CD antigen

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any substance capable, under appropriate conditions, of inducing a specific immune response and reacting with the products of that response; that is, with specific antibody or specifically sensitized T lymphocytes, or both. Antigens may be soluble substances, such as toxins and foreign proteins, or particulates, such as bacteria and tissue cells; however, only the portion of the protein or polysaccharide molecule known as the antigenic determinant combines with antibody or a specific receptor on a lymphocyte. Abbreviated Ag. See also immunity. adj., adj antigen´ic.
allogeneic antigen one occurring in some but not all individuals of the same species, e.g., histocompatibility antigens and human blood group antigens; called also isoantigen.
antigen-antibody reaction the reversible binding of antigen to homologous antibody by the formation of weak bonds between antigenic determinants on antigen molecules and antigen binding sites on immunoglobulin molecules.
blood-group a's erythrocyte surface antigens whose antigenic differences determine blood groups.
cancer antigen 125 (CA 125) a glycoprotein antigen found in normal adult tissues such as the epithelium of the fallopian tubes, the endometrium, the endocervix, the pleura, and the peritoneum. Elevated levels are seen in association with epithelial ovarian carcinomas, particularly nonmucinous tumors, as well as with some other malignancies, various benign pelvic disorders, tuberculosis, and cirrhosis.
carcinoembryonic antigen (CEA) an oncofetal glycoprotein antigen originally thought to be specific for adenocarcinoma of the colon, but now known to be found in many other cancers and some nonmalignant conditions. Its primary use is in monitoring the response of patients to cancer treatment.
CD antigen any of a number of cell-surface markers expressed by leukocytes and used to distinguish cell lineages, developmental stages, and functional subsets. Such markers can be identified by specific monoclonal antibodies and are numbered CD1, CD2, CD3, etc. (for cluster designation, according to how their specificity characteristics group together when analyzed by computer).
CD4 antigen an antigen on the surface of helper T cells; the normal range of helper cells is 800 to 1200 per cubic mm of blood. The human immunodeficiency virus binds to this antigen and infects and kills T cells bearing this antigen, thus gradually destroying the body's ability to resist infection. CD4 can be administered in a soluble form to increase the amount of it in the circulation and interfere with the ability of HIV to affect CD4 antigens on the cell.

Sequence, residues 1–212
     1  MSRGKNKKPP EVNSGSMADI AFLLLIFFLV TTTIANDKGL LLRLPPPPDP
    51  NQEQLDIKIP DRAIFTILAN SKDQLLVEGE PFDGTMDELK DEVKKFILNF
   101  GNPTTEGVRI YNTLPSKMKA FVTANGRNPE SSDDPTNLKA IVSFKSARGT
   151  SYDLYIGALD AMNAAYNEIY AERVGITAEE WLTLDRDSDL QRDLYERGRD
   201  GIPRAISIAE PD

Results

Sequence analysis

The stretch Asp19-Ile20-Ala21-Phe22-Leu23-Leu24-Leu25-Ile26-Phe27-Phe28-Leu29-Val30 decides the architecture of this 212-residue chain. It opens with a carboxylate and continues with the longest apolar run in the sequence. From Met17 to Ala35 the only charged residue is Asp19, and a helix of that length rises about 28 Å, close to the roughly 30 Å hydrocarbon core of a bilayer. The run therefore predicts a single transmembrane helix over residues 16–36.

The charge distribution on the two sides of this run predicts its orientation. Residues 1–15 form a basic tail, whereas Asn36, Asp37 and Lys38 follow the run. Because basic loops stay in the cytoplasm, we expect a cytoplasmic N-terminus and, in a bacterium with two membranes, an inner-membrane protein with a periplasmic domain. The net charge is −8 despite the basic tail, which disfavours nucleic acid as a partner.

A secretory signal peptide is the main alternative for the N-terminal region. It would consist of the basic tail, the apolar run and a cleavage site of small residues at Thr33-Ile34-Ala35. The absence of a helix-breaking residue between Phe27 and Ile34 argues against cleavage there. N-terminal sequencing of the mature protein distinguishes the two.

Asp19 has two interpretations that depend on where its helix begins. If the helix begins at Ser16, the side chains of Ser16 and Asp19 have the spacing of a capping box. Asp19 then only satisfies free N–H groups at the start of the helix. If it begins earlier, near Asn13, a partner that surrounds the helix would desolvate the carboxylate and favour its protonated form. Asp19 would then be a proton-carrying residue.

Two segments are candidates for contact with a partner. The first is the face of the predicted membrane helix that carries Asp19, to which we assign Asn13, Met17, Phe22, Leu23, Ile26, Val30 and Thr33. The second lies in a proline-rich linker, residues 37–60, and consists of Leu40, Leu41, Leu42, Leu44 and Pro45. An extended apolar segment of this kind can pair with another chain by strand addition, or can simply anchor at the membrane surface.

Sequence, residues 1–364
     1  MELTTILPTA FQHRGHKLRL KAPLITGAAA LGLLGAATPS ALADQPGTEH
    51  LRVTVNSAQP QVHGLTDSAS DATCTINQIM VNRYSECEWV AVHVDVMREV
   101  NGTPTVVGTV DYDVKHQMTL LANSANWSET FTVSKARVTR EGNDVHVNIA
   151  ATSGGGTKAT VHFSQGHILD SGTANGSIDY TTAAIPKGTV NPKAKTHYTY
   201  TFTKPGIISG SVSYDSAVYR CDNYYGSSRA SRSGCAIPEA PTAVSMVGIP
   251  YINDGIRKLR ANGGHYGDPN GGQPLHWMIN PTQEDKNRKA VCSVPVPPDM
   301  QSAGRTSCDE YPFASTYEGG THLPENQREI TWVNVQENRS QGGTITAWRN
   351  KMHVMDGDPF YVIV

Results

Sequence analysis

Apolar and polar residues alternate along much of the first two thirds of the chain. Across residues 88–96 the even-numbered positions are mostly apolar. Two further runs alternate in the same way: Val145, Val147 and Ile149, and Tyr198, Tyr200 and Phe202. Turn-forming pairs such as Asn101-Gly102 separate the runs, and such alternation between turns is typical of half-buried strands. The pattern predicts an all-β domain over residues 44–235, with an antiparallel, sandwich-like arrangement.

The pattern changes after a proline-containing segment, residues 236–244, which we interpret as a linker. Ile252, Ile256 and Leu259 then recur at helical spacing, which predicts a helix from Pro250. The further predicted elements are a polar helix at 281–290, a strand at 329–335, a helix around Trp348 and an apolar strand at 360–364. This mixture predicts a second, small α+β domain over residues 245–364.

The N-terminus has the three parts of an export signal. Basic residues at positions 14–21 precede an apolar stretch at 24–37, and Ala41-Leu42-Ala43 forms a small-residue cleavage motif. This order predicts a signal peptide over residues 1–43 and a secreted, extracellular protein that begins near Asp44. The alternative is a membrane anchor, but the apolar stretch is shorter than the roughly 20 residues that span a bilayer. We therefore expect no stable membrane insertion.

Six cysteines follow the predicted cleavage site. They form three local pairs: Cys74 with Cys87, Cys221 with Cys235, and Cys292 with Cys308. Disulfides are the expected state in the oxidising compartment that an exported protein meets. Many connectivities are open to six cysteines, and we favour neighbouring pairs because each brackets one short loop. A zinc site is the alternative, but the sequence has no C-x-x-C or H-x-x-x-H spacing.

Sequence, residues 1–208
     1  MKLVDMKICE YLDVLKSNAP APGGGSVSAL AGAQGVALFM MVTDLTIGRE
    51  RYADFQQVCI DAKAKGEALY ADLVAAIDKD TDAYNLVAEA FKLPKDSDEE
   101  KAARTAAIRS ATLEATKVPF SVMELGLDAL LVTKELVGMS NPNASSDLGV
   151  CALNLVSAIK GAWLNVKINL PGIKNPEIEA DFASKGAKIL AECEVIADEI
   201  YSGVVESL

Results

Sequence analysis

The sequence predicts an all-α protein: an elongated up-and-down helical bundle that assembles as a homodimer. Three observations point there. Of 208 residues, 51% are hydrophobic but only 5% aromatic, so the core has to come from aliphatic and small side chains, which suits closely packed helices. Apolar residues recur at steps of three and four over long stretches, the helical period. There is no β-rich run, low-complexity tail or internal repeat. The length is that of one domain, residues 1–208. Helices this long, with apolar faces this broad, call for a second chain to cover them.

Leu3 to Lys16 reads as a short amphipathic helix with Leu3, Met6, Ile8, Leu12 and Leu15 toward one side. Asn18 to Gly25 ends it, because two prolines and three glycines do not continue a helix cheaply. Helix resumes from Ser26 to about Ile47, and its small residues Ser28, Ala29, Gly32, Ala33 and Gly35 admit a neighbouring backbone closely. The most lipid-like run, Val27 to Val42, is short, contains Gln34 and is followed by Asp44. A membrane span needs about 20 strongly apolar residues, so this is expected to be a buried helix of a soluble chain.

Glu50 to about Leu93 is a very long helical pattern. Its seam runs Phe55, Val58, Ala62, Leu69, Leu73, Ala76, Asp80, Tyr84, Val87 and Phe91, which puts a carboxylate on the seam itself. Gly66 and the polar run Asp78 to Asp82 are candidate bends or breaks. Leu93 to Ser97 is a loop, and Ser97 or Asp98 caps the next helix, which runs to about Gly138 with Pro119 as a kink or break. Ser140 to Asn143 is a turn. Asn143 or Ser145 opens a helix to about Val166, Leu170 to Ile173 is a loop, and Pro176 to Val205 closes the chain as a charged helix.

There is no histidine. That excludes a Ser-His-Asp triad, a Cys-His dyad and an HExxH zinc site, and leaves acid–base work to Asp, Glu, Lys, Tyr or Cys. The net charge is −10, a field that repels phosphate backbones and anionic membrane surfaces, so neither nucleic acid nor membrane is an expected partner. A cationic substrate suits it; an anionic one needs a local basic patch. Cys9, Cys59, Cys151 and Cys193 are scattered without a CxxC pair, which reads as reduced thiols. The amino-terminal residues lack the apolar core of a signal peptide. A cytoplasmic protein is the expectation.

class I a's major histocompatibility antigens found on virtually every cell, human erythrocytes being the only notable exception; they are the classic histocompatibility antigens recognized during graft rejection.
class II a's major histocompatibility antigens found only on immunocompetent cells, primarily B lymphocytes and macrophages.
conjugated antigen antigen produced by coupling a hapten to a protein carrier molecule through covalent bonds; when it induces immunization, the resultant immune response is directed against both the hapten and the carrier.
cross-reacting antigen
1. one that combines with antibody produced in response to a different but related antigen, owing to similarity of antigenic determinants.
2. identical antigens in two bacterial strains, so that antibody produced against one strain will react with the other.
extractable nuclear a's ENA; protein antigens, not containing DNA, that are extractable from cell nuclei in phosphate-buffered saline; anti-ENA antibodies are a component of the antinuclear antibodies occurring in systemic lupus erythematosus and other connective tissue diseases.
flagellar antigen H antigen.
Forssman antigen a heterogenetic antigen discovered in guinea pig tissues, capable of lysing sheep erythrocytes in the presence of complement. It is found usually in animal organs but occasionally in blood, and induces formation of an antibody (Forssman antibody, a type of heterophile antibody) only when combined with protein or hog serum. Davidsohn's Differential Test was historically used to differentiate between the heterophile sheep agglutinins in human serum that were due to Forssman antigen and those due to infectious mononucleosis; this is based upon the fact that boiled guinea pig kidney will absorb heterophile sheep cell agglutinins produced by Forssman antigen, but not those produced by infectious mononucleosis.
H antigen (Ger. Hauch, film), the antigen that occurs in the flagella of motile bacteria.